The place where we are, the valley of the puppets between the vote and the inauguration, is overshadowed by the struggle to save our lives. The vaccines look promising, as does the Trumpster's insistence on playing his games. Somehow we have to live with it on both sides. In the business we are in, the tech industry, broadband has penetrated enough to allow us to survive with a reasonable level of fidelity to the world that COVID cleared.
WarnerMedia's move this week to post all 2021 images on HBO Max and in theaters is both a surrender to reality and a political move to negotiate with the theater owners. Disney, with its theme parks and investments in streaming crescendoing on layoffs and rebuilding, announced a mix of 80% streaming with only 20% theater. Trump's TikTok deadline has already passed and the administration is pretending not to be careful to keep negotiations over a buyout alive. The incoming administration speaks of a working relationship between Biden and McConnell. It's the opposite of reality TV or TV reality.
Newsletters span mainstream and social media and list links that blur the credibility of Wild West publications by unqualified freelancers. Some of these voices play the newsletter sweepstakes and choose to switch from an employee position to their own subscription model. For publications that are partially financed by a paywall, the transition to a newsletter harbors both opportunities and risks. Selling a subscription for a single vote competes with the pooled votes of a paywall publication, ultimately diluting the available funds of potential readers. We see the same dynamic of subscription saturation in the rise of streaming networks.
Another trend, notification-based messaging, is the move to live streaming via social networks. The pandemic has forced many students to work from home through Zoom for interactive sessions mixed with traditional lecture-type webinars. Events normally covered in specialist publications have given way, at least for the time being, to the watch parties driven by influencers and analysts. Podcasts forego subscription and advertising revenue for lead generation and industry loyalty. The 24 hour way of working from anywhere battles for eyelid time with binge viewing, listening and reading.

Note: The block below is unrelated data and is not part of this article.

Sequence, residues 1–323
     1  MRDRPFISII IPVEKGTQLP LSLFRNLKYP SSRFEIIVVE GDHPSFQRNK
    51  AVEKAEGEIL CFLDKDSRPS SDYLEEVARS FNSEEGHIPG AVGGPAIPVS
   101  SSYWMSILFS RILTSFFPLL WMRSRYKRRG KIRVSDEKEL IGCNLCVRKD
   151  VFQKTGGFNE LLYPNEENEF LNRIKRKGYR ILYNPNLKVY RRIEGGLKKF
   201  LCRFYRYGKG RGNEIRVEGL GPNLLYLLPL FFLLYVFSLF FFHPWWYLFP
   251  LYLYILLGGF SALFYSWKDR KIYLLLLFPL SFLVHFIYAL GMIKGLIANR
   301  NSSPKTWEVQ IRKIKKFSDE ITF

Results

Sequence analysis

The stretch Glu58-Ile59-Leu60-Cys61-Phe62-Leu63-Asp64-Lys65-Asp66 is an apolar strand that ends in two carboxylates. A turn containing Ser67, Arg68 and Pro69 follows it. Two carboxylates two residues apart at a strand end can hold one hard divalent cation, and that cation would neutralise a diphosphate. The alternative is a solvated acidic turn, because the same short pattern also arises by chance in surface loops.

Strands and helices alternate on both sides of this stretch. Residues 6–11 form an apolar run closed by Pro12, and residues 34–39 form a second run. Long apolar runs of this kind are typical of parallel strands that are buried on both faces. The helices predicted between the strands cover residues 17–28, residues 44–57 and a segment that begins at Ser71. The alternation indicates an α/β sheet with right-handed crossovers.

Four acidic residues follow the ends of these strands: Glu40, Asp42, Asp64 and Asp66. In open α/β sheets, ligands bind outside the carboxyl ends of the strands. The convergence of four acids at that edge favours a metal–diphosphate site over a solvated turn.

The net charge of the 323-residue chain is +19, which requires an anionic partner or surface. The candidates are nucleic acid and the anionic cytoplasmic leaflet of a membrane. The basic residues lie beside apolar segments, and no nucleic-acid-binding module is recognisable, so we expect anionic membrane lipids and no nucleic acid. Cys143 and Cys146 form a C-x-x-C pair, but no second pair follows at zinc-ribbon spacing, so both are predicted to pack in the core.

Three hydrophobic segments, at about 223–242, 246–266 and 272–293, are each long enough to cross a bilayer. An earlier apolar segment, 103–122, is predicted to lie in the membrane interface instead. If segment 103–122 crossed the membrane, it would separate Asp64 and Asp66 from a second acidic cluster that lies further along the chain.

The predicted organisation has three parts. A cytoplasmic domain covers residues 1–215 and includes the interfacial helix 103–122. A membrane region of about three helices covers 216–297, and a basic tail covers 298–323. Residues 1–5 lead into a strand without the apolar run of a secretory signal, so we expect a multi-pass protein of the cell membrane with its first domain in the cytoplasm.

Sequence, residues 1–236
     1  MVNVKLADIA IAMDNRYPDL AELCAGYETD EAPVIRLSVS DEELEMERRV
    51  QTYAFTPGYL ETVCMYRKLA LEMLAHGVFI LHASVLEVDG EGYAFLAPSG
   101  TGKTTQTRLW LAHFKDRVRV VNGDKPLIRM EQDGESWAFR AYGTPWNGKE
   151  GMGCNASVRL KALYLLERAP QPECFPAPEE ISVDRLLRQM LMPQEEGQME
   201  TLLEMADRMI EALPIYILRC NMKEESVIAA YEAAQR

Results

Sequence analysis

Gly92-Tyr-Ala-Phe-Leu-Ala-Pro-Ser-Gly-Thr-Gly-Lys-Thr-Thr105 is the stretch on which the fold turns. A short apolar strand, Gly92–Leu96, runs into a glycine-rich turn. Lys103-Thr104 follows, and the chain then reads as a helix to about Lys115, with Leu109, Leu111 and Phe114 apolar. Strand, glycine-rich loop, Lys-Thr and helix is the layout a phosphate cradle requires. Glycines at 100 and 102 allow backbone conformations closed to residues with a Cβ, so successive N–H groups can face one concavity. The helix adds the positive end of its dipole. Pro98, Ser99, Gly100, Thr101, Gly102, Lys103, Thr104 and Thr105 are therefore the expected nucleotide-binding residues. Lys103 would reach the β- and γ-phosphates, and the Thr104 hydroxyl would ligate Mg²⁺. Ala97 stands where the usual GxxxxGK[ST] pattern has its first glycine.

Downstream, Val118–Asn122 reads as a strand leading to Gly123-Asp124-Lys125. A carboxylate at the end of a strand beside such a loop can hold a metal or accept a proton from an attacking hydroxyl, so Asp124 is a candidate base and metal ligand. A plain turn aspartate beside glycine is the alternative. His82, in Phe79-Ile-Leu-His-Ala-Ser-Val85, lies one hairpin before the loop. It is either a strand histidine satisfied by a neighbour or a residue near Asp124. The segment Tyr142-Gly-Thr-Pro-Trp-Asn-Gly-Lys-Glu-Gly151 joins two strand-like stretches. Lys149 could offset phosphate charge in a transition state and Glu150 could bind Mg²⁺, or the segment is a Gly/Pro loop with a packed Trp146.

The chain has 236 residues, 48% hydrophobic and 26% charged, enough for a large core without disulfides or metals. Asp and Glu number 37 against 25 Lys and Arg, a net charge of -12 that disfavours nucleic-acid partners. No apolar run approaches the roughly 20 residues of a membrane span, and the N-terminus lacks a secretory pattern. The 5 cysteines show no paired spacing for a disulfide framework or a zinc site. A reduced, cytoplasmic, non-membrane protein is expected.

In addition to the effects of the virus on the audience, the productions themselves face new challenges. The FX series Fargo ceased production in March, as did ABC's Grey's Anatomy. When you see the finished shows, it is fascinating to guess which scenes were filmed in the much harsher autumn conditions. Grey's Anatomy used the pandemic as a plot point, but it took a few shows for the actors to settle in to a more relaxed pace. Pre-pandemic shots from the previous season of the short series lived awkwardly next to the new material to cover the transition story.
Citizen Kane, widely regarded as the best movie Hollywood has ever made, spawned a Netflix production about the scriptwriter, a Herman J. Mankiewicz. The story is presented in black and white with a Kane-like musical cast and the original film's innovations in depth of field photography and low-angle shots, including the ceilings of sets. She uses flashbacks and time leaps to great effect. The streaming corresponds to the MGM slogan from the time: All stars in the sky. Director David Fincher tells the New York Times how he exceeded the pixel count by 20% so he could post-process and polish the rough edges and camera shake to accurately reflect the complicated vision of his cinematic universe.
40 years ago this week, John Lennon was murdered by a troubled fan. I was watching football Monday night when Howard Cosell broke on the news. What was left of my childhood disappeared in that moment. I was newly divorced, struggling to maintain my momentum, had no idea what our world was going to be, and felt sad about someone I had never met. The Beatles were that magical machine, a coalition of the group's fleeting imperfection and the unified perfection of what they had achieved.
The days pass. The vaccination trolleys are rolling. The Supreme Court denies another desperate move to overthrow the will of the people. Nobody told me there would be days like this. Strange days indeed.
The Gillmor Gang – Frank Radice, Michael Markman, Keith Teare, Denis Pombriant, Brent Leary, and Steve Gillmor . Recorded live on Friday December 4th, 2020.
Produced and directed by Tina Chase Gillmor @tinagillmor
@radice, @mickeleh, @denispombriant, @kteare, @brentleary, @stevegillmor, @gillmorgang
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